One of the executives invited to Rishi Sunak’s international AI safety summit next month has warned that the conference risks achieving very little, accusing powerful tech companies of attempting to “capture” the landmark meeting.
Connor Leahy, the chief executive of the AI safety research company Conjecture, said he believed heads of government were poised to agree a style of regulation that would allow companies to continue developing “god-like” AI almost unchecked.
Leahy is one of just 100 people, including foreign government ministers, tech executives and civil society figures, who have been invited to November’s summit at Bletchley Park, which Downing Street is hoping will mark a turning point in how advanced AI technology is developed.
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Officials have published an agenda for the summit that refers to the importance of “responsible capability scaling” – the idea that companies should develop their cutting-edge models according to a set of guidelines.
However Leahy and others believe that there should be a complete moratorium on developing artificial general intelligence – AI models that can accomplish tasks at a human or beyond-human level of intelligence.
Leahy said: “The primary aim of responsible scaling is to provide a framework which looks like something was done so that politicians can go home and say: ‘We have done something.’ But the actual policy is nothing.”
Leahy and others have launched a campaign called Control AI to urge policymakers to go further and use the Bletchley Park summit to implement a pause on developing the most sophisticated forms of AI.
Like some others in the industry, Leahy believes humanity is at risk if humans develop an AI system that learns how to evade human control.
“If you build systems that are more capable than humans at manipulation, business, politics, science and everything else, and we do not control them, then the future belongs to them, not us,” he said.
“The AI companies in particular and other organisations around them are trying to capture the summit, lock in a status quo of an unregulated race to disaster,” he added.
Leahy cited a recent interview with the CEO of the AI firm Anthropic, Dario Amodei, who said the chances of an AI system going “catastrophically wrong on the scale of … human civilisation” was between 10% and 25%.
Leahy said: “If you are building a machine that has such a chance then my suggestion is: don’t do it.”
A government spokesperson said the summit was the start of a “global conversation” on AI and would welcome “diverse viewpoints”.
However, Leahy’s comments echo recent warnings from others in the world of AI.
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AI pioneer Geoffrey Hinton has warned about the ‘existential risk’ posed by digital intelligence. Photograph: Mark Blinch/Reuters
Geoffrey Hinton, the man known as the “godfather of AI”, recently quit Google to sound a warning about what he called the “existential risk” posed by digital intelligence.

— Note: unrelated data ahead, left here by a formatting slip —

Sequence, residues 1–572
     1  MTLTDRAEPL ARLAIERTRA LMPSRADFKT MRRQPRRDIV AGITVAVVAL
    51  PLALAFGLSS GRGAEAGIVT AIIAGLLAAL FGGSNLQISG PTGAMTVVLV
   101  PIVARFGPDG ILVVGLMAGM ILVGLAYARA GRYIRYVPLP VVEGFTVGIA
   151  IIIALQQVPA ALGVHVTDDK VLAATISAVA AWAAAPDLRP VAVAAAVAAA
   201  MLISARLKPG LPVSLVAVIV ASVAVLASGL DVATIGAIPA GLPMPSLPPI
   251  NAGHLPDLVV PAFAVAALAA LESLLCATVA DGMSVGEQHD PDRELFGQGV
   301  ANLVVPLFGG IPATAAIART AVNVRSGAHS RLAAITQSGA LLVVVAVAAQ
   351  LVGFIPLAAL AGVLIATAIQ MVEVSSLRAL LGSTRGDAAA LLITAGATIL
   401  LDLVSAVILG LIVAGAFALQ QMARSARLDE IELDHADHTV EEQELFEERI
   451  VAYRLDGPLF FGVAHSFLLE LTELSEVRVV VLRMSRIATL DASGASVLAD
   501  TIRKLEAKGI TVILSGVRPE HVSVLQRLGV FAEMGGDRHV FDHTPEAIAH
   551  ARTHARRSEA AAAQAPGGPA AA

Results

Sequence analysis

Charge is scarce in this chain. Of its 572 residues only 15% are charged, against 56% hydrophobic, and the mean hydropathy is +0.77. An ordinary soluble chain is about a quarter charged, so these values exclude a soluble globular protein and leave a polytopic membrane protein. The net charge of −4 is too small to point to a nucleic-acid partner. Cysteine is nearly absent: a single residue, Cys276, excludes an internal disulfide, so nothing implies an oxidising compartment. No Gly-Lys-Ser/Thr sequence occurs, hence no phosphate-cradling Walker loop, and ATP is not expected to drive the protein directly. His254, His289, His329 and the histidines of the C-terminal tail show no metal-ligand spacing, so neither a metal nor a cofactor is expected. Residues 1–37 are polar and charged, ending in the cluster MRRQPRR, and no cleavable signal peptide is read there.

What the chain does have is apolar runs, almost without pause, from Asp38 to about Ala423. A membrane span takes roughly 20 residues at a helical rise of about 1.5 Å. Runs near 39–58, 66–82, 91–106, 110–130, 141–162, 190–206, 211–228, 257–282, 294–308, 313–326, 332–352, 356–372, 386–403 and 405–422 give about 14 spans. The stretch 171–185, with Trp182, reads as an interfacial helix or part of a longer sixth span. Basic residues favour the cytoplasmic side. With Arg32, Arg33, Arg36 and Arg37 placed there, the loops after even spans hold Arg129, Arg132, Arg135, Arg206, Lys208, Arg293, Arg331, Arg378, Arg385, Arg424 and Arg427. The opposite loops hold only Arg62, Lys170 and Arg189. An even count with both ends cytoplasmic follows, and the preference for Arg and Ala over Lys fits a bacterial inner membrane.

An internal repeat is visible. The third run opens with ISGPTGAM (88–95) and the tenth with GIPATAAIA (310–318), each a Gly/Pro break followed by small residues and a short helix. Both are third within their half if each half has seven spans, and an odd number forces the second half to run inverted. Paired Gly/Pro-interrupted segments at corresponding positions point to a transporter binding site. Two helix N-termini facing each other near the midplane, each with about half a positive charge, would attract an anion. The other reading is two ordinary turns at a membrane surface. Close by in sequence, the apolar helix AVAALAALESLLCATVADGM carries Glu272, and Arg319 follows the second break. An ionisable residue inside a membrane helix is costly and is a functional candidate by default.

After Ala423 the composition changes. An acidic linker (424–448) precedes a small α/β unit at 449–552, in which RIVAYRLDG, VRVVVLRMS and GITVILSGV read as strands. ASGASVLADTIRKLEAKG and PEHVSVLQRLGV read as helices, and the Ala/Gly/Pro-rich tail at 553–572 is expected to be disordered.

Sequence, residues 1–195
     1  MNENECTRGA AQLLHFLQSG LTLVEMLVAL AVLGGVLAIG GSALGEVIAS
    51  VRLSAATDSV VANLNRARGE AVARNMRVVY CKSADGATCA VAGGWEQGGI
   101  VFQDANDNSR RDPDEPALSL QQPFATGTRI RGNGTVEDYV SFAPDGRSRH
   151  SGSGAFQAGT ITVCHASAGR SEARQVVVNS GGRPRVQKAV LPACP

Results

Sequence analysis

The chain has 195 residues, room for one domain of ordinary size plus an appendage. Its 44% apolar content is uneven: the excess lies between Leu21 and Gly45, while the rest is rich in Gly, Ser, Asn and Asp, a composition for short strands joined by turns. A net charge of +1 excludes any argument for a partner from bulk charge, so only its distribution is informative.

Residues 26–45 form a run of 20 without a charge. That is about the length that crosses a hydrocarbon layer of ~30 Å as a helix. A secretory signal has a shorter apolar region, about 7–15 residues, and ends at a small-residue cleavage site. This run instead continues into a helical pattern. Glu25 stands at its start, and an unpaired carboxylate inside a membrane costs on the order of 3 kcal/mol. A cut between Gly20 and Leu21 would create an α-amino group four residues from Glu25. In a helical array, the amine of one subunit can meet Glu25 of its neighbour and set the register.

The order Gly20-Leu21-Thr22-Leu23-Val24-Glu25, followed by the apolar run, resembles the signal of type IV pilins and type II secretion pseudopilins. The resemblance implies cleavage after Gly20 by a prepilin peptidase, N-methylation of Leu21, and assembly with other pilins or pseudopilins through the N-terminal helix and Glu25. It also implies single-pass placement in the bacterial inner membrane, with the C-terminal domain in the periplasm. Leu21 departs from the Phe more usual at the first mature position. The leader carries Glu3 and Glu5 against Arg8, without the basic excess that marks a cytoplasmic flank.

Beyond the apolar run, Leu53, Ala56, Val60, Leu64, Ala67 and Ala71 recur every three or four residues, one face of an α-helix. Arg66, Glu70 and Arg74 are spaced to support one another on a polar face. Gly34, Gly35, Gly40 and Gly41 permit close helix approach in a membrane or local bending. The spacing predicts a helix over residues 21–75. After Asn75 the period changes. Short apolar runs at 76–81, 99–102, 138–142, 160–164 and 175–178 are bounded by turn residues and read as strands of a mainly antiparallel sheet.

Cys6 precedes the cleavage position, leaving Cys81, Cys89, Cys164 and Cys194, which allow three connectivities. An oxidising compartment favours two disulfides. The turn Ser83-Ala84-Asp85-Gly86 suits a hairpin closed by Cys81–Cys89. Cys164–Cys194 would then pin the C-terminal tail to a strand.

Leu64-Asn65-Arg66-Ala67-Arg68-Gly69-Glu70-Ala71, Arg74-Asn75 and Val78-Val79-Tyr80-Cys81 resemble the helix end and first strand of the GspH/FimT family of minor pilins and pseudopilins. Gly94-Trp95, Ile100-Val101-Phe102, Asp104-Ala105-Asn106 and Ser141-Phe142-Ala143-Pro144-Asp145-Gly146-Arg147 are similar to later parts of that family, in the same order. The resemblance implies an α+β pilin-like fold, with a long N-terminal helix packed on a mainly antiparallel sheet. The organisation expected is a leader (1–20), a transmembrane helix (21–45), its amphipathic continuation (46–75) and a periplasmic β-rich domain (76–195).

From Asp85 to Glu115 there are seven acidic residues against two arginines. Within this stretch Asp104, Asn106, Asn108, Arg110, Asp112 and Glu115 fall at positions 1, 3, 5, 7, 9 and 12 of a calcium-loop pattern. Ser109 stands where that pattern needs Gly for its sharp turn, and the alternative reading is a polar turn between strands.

Weeks later, a group of senior executives from the AI industry including Leahy released a one-sentence statement saying: “Mitigating the risk of extinction from AI should be a global priority alongside other societal-scale risks, such as pandemics and nuclear war.”
Warnings such as this prompted Sunak to call the summit for 1-2 November. It is designed to act as a forum for heads of state and technology executives to discuss these issues in person for the first time.
British officials have been touring the globe encouraging heads of state to attend the conference, which they hope will be the first in a series of such summits.
Eric Schmidt, the former Google chief executive, and Mustafa Suleyman, the co-founder of Inflection and DeepMind, called this week for international leaders to set up a global panel of experts on AI akin to the Intergovernmental Panel on Climate Change. UK officials say they support such a body but that agreeing the finer points of how it should work would be better left for discussions at the UN.
Instead, UK government sources say they are hoping to see any sign of the AI industry slowing down its development of artificial general intelligence, saying such a move would be unprecedented in the technology’s history.
Leahy, however, argues that vague promises to proceed with responsible development of advanced AI will not be enough, adding that doing so would amount to a victory for technology companies over regulators.
A government spokesperson said: “The AI safety summit will bring together a wide array of attendees including international governments, academia, industry and civil society, as part of a collaborative approach to drive targeted, rapid international action on the safe and responsible development of AI.”
“As is entirely normal for summits of this nature, we do not confirm attendees this far in advance. This is the start of the global conversation on frontier AI risks and we welcome diverse viewpoints – this is a strength of the summit.”